a red thingy glowing. I never realized how many things glow in our bedroom. I'm assuming that none of these glowing electronics will cause Cancer in later life. You never know. And since it is never too late to protect myself from these electronic night lights,
I will just close my eyes and go to sleep.
You know how we play Jewish geography when we meet someone new. Well, it can happen anywhere and you don't have to be Jewish. I am not continent dropping, but my sister in law and I were meeting our travel Safari group for the first time. We sat in
a circle and introduced ourselves and where we were from. I finished with my introduction and my si ster in law stated her name and where she was from. Across the circle a woman said " did you used to be Betsy Z.(After her 50th birthday, Betsy asked to be
called by her given name) Elizabeth said yes. The woman said that 40 years ago, she and her husband looked at and rented an apartment in Cambridge, Mass , that Elizabeth and her husband were vacating. She remembered Elizabeth's name. All a surprised Elizabeth
could say was that she hoped the apartment was clean !
Here ,in our congregation, there is a couple that years later, lived on the same street that my husband grew up on in Great Neck,Long Island. And here, also, is a cousin of my son in law. We now
call each other cousin. His sister was my daughters room mate at the University of Illinois. I had never met the brother before we came here, or , remembered the last name of the room mate,until we did the Jewish geography thing.
There are a few people
here from the same area that we were from, but we don't have any friends in common, that we know of.
I did have a funny thing happen at service several years ago. I was walking down an aisle and I saw a couple, our age, who just looked familiar to me.
I introduced myself, only to find out, that of course I knew these people. They were the parents of my long time running buddy in Chicago. They were driving through to Naples and decided to stop over in Venice and then come to services. Now that is Jewish
So, as I've said before ,it's never too late to be nice to everyone, because thay may even end up being your neighbors in Israel.
I never knew about bucket lists until I saw the movie. Now I have one. It’s not that long. After the things I’ve already done: Safari, Morocco, Israel, Bat Mitzvah, Moving to Paradise, High Rise living, rafting down the Colorado
River, Tubing in the Russian River, etc. Now I want another trip to N.Y. For Bob’s 6o th birthday, we went for 3 days, saw 4 plays, stayed at the Plaza hotel, and ate oysters at the Grand Central Station Restaurant. I want to do that again. Then take
a trip to N.O. to eat my way through all of my favorite restaurants would be good. I have Commander’s on my speed dial. I met one of the owners a long time ago , and she said to call her the next time I want a reservation. ! In the past, I made my reservations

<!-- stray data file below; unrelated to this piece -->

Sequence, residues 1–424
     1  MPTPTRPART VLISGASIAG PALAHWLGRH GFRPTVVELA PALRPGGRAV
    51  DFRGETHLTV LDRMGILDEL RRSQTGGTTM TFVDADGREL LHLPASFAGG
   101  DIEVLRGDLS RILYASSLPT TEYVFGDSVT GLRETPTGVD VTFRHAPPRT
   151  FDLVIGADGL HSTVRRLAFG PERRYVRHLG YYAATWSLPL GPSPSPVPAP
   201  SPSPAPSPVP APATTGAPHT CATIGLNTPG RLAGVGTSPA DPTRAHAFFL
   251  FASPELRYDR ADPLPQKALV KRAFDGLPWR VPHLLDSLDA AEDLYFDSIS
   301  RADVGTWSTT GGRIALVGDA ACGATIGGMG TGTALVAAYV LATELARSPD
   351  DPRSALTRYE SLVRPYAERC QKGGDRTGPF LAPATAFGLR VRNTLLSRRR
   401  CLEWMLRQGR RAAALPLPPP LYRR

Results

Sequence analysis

there and then my flight arrangements.
There is a definite pattern of eating here. I guess when your body doesn’t let you do the more active things you used to do, go to plan “B”, and that is to eat your way across where ever you happen
to be. I must be pretty content, because I can’t think of anything else right now to put in my bucket. It is ready to over flow.
It’s never too late to appreciate the fun you had filling your first bucket list and try not to put to
many restaurants in your next bucket list.
Our family grades public bathrooms. On our various road trips ,we made a lot of pit stops. Especially since we usually traveled with at least 4 kids and one or two dogs. We once traveled from Chicago to Colorado with 3 kids and 2 dogs, plus the 2 adults--in
a Neon. We graded bathrooms on a scale of one to ten. Then we also determined if it was a two seater , less than a two seater or more than a two seater. Remember, we were a family of six. The high way rest stops are the best. They are always clean and patroled.
Also, they have dog runs.
Gas stations were a third choice, with truck stops being given the honor of being number two in preference and they were a kids delight.There was everything
in those truck stops except a ferris wheel. You could buy everthing from Stuckey's pecan rolls to Harley Davidson boxer shorts. We made long stops in these one stop places.. We didn't use the truckers facilities but you could shower,wash your clothes, and
even rent a sleeping room.How cool was that.
I have a fondness for porta johns. This comes from years of road running. When you are as slow as I am, and run a marathon, it is sometimes necessary to make a porta john stop. I've heard of
a runner getting locked in a porta john because a strong wind wouldn't let the door open. This could be urban legend, but it could happen. Sometimes you just need to use the facilities where there are none. Easier for some than others. I remember on a bike
trip through Holland, needing to use facilities where there were none. Going deep into the woods to using a bush for privacy, I later found a tick where one shouldn't have a tick.
It's never too late to appreciate a clean rest stop and check for ticks
as soon as possible.